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PFF welcomes prompt police action over torching of journalist's car

(PFF/IFEX) - Rarotonga, Cook Islands - Solomon Islands police are treating the 24 March 2011 early morning torching of a private vehicle owned by senior journalist Dorothy Wickham as suspicious and are still ascertaining whether the vandals had personal or professional grievances with the ONE News Television manager.

Wickham had been up all night with relatives visiting her home on 23 March and had just gone to bed in the early hours of 24 March when she was alerted by loud crackling and smoke. Her security guard had also just gone to sleep from his night shift, as it was daybreak. They could only watch as the flames engulfed the vehicle, which was uninsured. Another vehicle owned by ONE News and items which could have been easily stolen were left untouched.

Wickham has spent some two decades in journalism and has provided extensive coverage to the regional and international community, breaking stories around the internal armed conflict of the late 1990s and the post-conflict recovery and governance issues.

She is the Radio New Zealand International correspondent for the Solomon Islands as well as general manager and a founding owner of the ONE News TV service, which is a leading news provider in the region. No threats had been received in the lead-up to the car-burning, and police have taken statements and are carrying out their investigation.

Regional media watchdog the Pacific Freedom Forum welcome the serious and prompt attention given by the police in this matter. "An act such as this, taking place in broad daylight, is an unusual and extreme way of signalling grievance against any person in this region and we welcome the serious attention which Solomon Islands Police are giving this incident," says PFF chair Susuve Laumaea of Papua New Guinea.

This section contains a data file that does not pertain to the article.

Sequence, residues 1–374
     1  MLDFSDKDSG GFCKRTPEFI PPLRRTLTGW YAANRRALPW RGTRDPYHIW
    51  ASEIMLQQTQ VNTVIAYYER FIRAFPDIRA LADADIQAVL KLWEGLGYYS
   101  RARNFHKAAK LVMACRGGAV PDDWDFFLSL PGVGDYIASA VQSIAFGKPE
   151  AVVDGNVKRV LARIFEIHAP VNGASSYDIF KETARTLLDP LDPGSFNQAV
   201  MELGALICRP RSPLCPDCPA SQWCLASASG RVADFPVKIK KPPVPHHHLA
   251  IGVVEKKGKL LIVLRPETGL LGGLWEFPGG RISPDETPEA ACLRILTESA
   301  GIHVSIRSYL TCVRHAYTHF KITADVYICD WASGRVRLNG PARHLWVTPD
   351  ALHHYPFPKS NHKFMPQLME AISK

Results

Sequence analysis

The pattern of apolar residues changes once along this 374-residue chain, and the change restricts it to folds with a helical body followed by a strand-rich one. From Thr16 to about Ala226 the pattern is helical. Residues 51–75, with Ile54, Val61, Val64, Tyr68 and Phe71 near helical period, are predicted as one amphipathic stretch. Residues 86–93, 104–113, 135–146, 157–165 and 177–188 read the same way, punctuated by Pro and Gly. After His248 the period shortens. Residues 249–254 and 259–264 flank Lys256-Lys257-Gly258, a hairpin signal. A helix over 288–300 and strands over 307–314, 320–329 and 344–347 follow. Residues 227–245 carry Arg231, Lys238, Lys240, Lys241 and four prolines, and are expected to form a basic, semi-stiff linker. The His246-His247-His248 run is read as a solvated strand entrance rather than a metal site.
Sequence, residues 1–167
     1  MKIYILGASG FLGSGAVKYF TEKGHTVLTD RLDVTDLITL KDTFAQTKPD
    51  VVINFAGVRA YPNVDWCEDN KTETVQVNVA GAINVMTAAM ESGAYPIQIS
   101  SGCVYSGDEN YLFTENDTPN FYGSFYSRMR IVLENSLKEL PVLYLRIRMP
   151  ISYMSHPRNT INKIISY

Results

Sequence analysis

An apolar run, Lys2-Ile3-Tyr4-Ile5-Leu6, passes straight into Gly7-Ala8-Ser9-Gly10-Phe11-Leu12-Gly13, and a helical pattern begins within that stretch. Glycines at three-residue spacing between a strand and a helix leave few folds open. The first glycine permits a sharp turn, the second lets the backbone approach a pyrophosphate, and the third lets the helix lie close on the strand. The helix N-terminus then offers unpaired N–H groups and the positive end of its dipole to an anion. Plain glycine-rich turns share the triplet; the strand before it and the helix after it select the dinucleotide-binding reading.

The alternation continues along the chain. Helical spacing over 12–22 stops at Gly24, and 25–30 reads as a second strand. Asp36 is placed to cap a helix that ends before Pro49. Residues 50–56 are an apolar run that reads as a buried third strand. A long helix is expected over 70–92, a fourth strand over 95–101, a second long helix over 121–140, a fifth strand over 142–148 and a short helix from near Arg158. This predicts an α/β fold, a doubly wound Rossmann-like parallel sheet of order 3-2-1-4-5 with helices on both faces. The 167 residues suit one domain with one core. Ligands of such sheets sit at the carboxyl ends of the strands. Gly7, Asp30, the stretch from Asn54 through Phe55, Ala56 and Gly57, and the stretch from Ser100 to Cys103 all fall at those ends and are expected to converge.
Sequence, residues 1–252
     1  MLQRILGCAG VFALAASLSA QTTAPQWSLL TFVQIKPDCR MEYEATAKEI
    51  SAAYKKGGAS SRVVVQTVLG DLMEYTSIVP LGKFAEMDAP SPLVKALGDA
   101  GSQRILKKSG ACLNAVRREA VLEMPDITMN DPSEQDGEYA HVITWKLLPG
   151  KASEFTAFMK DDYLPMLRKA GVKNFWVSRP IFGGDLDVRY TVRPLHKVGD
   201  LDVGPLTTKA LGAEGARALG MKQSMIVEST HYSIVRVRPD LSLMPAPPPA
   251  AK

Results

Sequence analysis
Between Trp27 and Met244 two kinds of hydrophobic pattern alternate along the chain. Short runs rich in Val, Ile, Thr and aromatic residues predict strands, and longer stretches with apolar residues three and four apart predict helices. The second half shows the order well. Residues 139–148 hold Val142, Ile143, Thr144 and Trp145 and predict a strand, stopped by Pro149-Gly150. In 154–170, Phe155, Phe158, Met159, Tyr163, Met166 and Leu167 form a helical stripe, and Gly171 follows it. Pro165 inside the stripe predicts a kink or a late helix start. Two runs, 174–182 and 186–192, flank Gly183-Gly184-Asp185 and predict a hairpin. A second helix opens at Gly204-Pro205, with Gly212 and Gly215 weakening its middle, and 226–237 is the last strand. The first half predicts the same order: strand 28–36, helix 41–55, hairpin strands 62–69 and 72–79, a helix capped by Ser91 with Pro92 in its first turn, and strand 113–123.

"In an environment where the professional and personal lives of those in the media can often be closely linked to the communities they cover, it's important that journalists are able to work without concerns for their safety and the safety of colleagues and loved ones," says PFF co-chair Monica Miller of American Samoa. "Importantly, the Solomon Islands Police are showing their colleagues in neighbouring Melanesian states that media workers are also human beings with the same constitutional rights to protection and state services available to all citizens."

Wickham was also the target of vehicle-tampering some 10 years ago, when the brake lines in her car were cut. She discovered this while she was driving along one of Honiara's many mountainous ridge roads.

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